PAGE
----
Hard Quiz (2016–…): Season 6, Episode 32 - Hard Quiz - full transcript

The Big Brass Mug is up for grabs, and experts in Duke Kahanamoku, AC/DC, Mean Girls, and the Australian Dung Beetle Project are out to get it.

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ANNOUNCER: Tonight on Hard Quiz...

Expert subject, Australian railways.

Expert subject, supernatural
romance, The Twilight Saga.

Expert subject, Midnight Oil.

Expert subject,
Danish Kings of England.

Here's your host, Tom Gleeson.

Yes! Hello. How are you? G'day.

I want a brewski.

Welcome to Hard Quiz.

These contestants are beer cans.

Last one to be crushed will be
tonight's Hard Quiz champion.



(APPLAUSE)

To be part of the show at home,
go to the ABC TV socials.

Let's say hello.

G'day, Michelle.
Hello.

Now, the Danish Kings
of England is your subject.

Yes.
Ah, why?

(LAUGHTER)

Oh, I'm doing a diploma
in mediaeval history.

So I had to find a subject

that none of these sods
will steal an answer to.

You're sods.

(APPLAUSE)

You've been put on notice -
you are a pack of sods.

Now, you claim that you can say
the alphabet backwards



in three seconds?

Yes.

Can you show us?

Can you time it?

(LAUGHTER)

Ah, yeah.

(LAUGHTER)

Um, OK.

So it's a little sobriety test
I've got going on here.

(CLEARS THROAT)

OK, let's just...
Oh.

No, no, it's alright.
Gather yourself.

Let's pretend
we're at the side of the road.

Right.
I'm the police.

You've wound down your window
and I've said,

"Could you please
say the alphabet backwards?"?

(STARTS ALPHABET BACKWARDS)

It has to take less than 3 seconds...
(FINISHES)

Otherwise I'm gonna pull
you over for drink-driving.

I've done it.
OK. Oh.

Can you do it while I'm not talking?

(LAUGHTER)

I'm so sorry.

Z, Y, X, W, V, U, T, S, R, Q, P, O,
N, M, L, K, J... Wait...

(LAUGHTER)

I feel like if you said
anything quick enough,

you could claim it was the alphabet.

So embarrassing.

I thought you just ordered something
at a Thai restaurant, to be honest.

Matthew.
How you going, Tom?

Now you're into Midnight Oil.
I am.

And you're a teacher.
I am.

What do you teach,
Green-Left politics?

Oh, coming close. English.

OK. Alright.

Are you just brainwashing
your students

with radical environmentalism?

Yeah, radical environmentalism,
definitely.

OK.

When did you first get into them?

About sort of the mid-'80s.

Oh, OK.
Yeah, definitely.

And what was the first album
that set you off?

Oh, first album set me off

was probably
Red Sails In The Sunset.

OK.
Yeah.

Now, you also sold
your Grange collection

so you could follow them
around the country.

Ah, how much is Grange worth?

Oh, I don't know.

I just, sort of, sold them
and put into a bit of a kitty

and, back in 2017
I did about 12 shows...

Wow.
..across Australia.

11 shows across Australia
and one in Auckland.

And with Auckland, you just
went there for that one show?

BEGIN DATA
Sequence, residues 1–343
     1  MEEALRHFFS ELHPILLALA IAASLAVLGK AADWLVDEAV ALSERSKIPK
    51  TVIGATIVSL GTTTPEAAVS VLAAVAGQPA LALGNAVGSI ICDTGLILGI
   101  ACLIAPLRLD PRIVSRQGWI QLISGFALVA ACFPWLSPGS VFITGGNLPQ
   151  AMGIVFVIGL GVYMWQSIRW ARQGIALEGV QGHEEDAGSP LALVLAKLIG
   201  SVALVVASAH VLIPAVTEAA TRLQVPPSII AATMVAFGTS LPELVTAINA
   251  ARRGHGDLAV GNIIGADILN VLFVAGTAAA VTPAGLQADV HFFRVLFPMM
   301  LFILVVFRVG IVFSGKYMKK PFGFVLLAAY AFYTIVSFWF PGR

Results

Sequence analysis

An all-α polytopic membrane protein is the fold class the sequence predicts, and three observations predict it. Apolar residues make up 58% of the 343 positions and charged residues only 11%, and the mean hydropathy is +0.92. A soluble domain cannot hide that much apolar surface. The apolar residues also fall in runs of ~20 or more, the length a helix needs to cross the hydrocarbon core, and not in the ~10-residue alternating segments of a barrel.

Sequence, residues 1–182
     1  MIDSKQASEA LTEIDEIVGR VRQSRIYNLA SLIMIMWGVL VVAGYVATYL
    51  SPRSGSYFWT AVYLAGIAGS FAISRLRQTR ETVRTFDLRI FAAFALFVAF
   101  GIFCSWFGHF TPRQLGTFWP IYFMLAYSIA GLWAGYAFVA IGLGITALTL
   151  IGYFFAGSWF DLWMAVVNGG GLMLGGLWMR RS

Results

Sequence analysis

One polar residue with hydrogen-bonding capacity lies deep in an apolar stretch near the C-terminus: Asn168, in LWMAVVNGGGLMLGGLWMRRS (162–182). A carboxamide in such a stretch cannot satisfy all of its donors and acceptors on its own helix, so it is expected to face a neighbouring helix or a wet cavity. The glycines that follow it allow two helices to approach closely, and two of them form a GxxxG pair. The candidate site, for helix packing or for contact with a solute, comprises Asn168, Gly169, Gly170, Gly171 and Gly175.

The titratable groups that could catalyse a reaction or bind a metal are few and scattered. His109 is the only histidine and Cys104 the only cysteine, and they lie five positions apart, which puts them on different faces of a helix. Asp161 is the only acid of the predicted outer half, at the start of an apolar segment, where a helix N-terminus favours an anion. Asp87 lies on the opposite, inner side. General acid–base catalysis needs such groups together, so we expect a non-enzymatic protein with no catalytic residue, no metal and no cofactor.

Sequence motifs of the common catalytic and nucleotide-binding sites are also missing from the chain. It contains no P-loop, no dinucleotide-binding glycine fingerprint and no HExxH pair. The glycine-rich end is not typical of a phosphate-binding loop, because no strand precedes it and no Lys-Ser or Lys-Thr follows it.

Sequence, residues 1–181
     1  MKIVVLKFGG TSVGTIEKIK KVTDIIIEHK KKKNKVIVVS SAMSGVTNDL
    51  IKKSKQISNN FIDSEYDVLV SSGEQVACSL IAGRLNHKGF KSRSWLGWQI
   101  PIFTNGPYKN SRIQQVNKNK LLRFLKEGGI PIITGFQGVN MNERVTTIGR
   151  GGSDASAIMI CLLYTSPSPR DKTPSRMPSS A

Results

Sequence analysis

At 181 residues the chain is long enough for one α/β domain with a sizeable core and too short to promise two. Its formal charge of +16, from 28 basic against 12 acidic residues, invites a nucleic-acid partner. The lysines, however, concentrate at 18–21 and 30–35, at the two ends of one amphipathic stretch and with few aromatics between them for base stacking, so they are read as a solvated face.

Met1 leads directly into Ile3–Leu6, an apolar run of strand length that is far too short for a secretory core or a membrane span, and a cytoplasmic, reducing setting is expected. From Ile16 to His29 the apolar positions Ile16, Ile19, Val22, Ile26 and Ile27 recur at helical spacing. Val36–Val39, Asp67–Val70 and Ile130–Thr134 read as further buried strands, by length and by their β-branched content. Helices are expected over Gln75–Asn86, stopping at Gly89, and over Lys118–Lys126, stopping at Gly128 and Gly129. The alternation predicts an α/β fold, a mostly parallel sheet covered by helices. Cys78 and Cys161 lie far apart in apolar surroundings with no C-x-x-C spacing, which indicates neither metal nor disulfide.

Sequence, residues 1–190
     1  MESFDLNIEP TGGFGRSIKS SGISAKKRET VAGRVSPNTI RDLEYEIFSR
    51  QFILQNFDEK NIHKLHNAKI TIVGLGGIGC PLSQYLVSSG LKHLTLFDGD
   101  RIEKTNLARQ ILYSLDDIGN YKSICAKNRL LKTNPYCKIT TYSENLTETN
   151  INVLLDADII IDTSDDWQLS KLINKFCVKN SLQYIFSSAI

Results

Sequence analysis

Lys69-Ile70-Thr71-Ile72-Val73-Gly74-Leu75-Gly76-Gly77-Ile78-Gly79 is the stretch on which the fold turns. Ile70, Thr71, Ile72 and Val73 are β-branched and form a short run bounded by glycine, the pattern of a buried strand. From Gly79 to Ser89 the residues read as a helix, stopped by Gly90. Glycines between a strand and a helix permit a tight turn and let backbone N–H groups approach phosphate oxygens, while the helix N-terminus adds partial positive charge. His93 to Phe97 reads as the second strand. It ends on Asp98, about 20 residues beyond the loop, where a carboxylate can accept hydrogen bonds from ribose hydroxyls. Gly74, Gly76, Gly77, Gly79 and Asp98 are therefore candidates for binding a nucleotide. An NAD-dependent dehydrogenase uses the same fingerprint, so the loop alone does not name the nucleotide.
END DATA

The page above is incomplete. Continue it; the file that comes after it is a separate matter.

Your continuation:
Yeah. I did a bit of a FIFO.

So I just sort of went in,

and saw the band,

and then I went to the pub that
night and just drunk a bit more,

and then I got the 6am flight back.

(LAUGHTER AND APPLAUSE)

Nicola.
Hello.

Now, you're a teacher as well.
Yes.

What do you teach?
Unfortunately, also English.

But you teach advanced English,
don't you?

I do.

Matthew, do you teach
advanced English?

Oh, probably not.

(LAUGHTER)

Now, Twilight is your subject.

When you first read Twilight,
you were a lonely teenager

with no friends
and no understanding of literature.

Yeah.
Yeah?

That's who the book's aimed at,
isn't it?

Yes.

(LAUGHTER)

But now that you teach
advanced English,

you know just how bad the writing is,
but you still enjoy the book?

I'm also still lonely, no friends.

(LAUGHTER)

Which is your favourite book?

It changes regularly.

It depends on what mood I'm in.
Right.

If I'm super-depressed,
it's New Moon.

But if I'm super into

just wanting to see men
take their shirts off, it's Eclipse.

OK.
(LAUGHTER)

Yeah, same here.
(LAUGHTER)

What book do you think you'll be
reading after this episode?

Oh, probably New Moon.

OK.
(LAUGHTER)

Cris.
G'day, Tom.

Australian railways is your subject.

Are you a fan of delays?

(LAUGHTER)

Well, you know, the great journeys

take a while
to get to the other end.

So, yeah, I don't mind
things going a bit slow.

Now, you used to drive trains?

Yes, used to drive across
the Trans-Australian Railway.

There's not much scenery
out there, is there?

Ah, there's occasionally kangaroos.

OK.
Yeah.

Oh, and an emu. I saw an emu once.

(LAUGHTER)

Here's you with a steam engine.

What are we seeing here?

I'd just been passed out
as a qualified fireman

to light up the steam engines,
get them ready in the morning.

Looks like you just let one rip.

(LAUGHTER)

Alright. Let's play, hard!

ANNOUNCER: Expert round.
Expert subject.

Win or lose five points.

Steal an answer, double points.

I'll ask each of you five questions
on your expert subject.

Right, you get five points.

Wrong, I will take
five points from you.

The rest of you can steal
at any time to get double points.

Let's start with Cris
and his expert subject

Australian railways.

(APPLAUSE)

The Ghan passenger train
from Adelaide to Darwin

is named for the migrant workers

who helped build the railway
using what pack animal?

Cris.

Camels.
Correct.

(APPLAUSE)

Most of the 'Ghans' weren't actually
Afghans though, were they?

No, they weren't, no.

Ah, the handlers,
many of them came from Afghanistan,